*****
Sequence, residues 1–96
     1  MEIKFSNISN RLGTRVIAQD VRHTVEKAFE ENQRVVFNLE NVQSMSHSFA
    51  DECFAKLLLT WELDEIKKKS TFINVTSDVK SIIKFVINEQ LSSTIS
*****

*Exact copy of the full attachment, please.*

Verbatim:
Sequence, residues 1–96
     1  MEIKFSNISN RLGTRVIAQD VRHTVEKAFE ENQRVVFNLE NVQSMSHSFA
    51  DECFAKLLLT WELDEIKKKS TFINVTSDVK SIIKFVINEQ LSSTIS